Thursday, 27 April 2017

MakerSpaceGate part deux!

So after Makerspacegate part 1, I made contact with a few different IP specialists and today I had an interesting phone call discussing how the Maker community might protect the terms Makerspace and Hackspace… For what it’s worth here are the take away notes I took from todays call...

My take away notes are;

  • If we attempted to protect Makerspace or Hackspace it would be a collective mark we would be applying for as an ordinary trademark distinguishes goods and services of a single trader/entity. (more info about collective trademarks here
  • To do this we would need a legal entity (could be a company, an individual or a charity etc) 
  • The entity would need to have a set of rules that dictate what needs to be in place to allow usage of the terms,
  • User of the term would then need to be members of the collective
  • The actual applications would take around an couple of ours of work and cost up to £800 for UK and Europe (possibly around 200 for UK only and it is not completely clear atm how brexit will effect european trademarking)
  • Defending collective trademarks if needed would be costly.
  • Gratnells application (as they say they instructed their legal team last week) should reasonably be removed in around a months time... we need to be vigilant that they follow through.
  • If Gratnells had succeeded and not agreed to withdraw the TM's then we could have argued (in court) that they had been registered in bad faith..... however costs++++++++ :(

Finally... its almost a shame that we didn't get to challenge the application as we could have argued that these terms were not distinctive and in common parlance which if successful would have sorted the problem out once and for all!

1 comment:

Jonathan Oxer said...

This sounds very similar to the situation back in 2005 with the "Linux" trademark. An Adelaide company that wasn't associated with Linus Torvalds applied for the trademark here in Australia, so something needed to be done to prevent them from holding the name to ransom. The Linux Foundation in the US created the Linux Mark Institute to hold the trademark on behalf of Linus.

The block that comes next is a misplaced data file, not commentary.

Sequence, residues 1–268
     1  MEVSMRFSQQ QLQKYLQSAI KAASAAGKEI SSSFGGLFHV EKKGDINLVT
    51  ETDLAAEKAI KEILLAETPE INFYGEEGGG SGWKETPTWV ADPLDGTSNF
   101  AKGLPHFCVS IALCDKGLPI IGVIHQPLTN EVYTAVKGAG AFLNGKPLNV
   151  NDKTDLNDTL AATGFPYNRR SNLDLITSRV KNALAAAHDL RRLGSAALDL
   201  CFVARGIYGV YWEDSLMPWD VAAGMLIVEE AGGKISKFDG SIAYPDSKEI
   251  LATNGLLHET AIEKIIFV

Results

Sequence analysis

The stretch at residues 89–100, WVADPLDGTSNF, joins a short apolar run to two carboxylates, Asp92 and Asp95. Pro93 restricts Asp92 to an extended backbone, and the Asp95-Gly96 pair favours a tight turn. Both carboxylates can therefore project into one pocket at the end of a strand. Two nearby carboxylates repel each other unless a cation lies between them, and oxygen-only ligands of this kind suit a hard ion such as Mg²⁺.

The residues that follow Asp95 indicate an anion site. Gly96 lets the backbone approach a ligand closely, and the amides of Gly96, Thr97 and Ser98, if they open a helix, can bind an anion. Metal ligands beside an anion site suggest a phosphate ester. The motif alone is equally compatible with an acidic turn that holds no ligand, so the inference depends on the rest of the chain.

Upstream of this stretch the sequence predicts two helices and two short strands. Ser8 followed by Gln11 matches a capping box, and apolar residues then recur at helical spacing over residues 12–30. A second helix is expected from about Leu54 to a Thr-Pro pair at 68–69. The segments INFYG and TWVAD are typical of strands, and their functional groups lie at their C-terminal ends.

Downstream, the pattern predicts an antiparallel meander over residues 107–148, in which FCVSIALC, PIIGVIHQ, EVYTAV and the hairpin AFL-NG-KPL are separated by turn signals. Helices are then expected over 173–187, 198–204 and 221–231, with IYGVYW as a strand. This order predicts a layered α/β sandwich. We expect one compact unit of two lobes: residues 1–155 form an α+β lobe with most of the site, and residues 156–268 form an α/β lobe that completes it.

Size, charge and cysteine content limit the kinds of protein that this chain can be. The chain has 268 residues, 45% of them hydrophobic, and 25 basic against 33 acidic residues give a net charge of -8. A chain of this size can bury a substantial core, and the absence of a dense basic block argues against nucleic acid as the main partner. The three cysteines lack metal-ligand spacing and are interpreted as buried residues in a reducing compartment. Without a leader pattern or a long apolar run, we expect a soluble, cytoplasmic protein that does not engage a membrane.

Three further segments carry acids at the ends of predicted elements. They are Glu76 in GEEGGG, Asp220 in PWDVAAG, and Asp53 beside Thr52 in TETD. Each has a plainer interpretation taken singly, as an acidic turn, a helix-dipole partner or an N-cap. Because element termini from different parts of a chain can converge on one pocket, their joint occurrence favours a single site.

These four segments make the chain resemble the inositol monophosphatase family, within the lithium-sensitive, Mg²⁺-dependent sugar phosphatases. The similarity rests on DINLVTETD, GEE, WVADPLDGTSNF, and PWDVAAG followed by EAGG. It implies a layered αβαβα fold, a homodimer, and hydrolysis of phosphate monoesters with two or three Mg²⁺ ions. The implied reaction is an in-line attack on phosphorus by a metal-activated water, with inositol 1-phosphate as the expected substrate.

LMI (or perhaps it was still Linux Foundation at the time, I can't remember) delegated Linux Australia to be their representative in Australia in order to contest the application by the Adelaide company. Linux Australia engaged a local lawyer and began the process required to establish the trademark in Australia as Linus's agent, which included sending notifications to Australian companies that were using the term "Linux" in relation to their products or services. Unfortunately this wasn't communicated very clearly, and there was a huge controversy over it at the time. I was President of Linux Australia at the time, so I spent a lot of time trying to calm people down and explain that we weren't trying to block their use of the term, and on the contrary we were trying to make sure the term remained available for valid use!

There were many articles published in the tech media by journalists who totally misunderstood the situation and thought that Linux Australia was being predatory, and wanted to cash in on the name.

Eventually there was a ruling by Intellectual Property Australia that the term could not be owned by a single entity. That was just fine with us because it achieved the end result that we wanted, and the Adelaide company gave up trying to control the name. Now people take it for granted that the term "Linux" is safe, but it took a lot of work by many people to achieve that result.